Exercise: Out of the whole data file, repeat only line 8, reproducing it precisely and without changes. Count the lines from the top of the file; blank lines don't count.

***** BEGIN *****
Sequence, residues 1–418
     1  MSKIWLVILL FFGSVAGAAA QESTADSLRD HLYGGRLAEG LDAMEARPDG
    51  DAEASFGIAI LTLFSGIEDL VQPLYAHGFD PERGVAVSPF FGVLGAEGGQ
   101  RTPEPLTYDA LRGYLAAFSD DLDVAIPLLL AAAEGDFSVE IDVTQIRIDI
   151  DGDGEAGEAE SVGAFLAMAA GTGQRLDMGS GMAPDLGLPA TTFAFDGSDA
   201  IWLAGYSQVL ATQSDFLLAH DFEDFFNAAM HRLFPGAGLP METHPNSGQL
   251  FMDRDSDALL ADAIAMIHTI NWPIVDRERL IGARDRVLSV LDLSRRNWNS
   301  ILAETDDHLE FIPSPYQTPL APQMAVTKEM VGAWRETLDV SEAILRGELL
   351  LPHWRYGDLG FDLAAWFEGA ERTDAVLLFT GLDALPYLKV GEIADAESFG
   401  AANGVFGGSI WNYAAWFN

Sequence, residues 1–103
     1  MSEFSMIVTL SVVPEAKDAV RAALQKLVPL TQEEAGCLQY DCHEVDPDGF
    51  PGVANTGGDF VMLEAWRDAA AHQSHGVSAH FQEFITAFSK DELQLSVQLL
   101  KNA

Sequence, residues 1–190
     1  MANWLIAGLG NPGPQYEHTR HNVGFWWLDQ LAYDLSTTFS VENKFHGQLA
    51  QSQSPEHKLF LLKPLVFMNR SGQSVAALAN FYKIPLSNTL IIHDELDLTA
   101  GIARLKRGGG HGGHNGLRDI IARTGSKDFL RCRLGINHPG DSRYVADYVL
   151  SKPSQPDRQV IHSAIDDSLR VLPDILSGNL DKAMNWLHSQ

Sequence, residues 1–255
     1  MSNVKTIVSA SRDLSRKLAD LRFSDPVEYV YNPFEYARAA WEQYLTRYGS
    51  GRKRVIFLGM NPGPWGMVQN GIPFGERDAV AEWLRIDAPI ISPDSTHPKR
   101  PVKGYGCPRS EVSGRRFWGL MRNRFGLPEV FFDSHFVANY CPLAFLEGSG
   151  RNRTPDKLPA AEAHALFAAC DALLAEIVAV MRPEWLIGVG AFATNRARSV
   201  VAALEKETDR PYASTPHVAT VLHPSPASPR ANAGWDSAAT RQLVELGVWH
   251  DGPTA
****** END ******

   301  ILAETDDHLE FIPSPYQTPL APQMAVTKEM VGAWRETLDV SEAILRGELL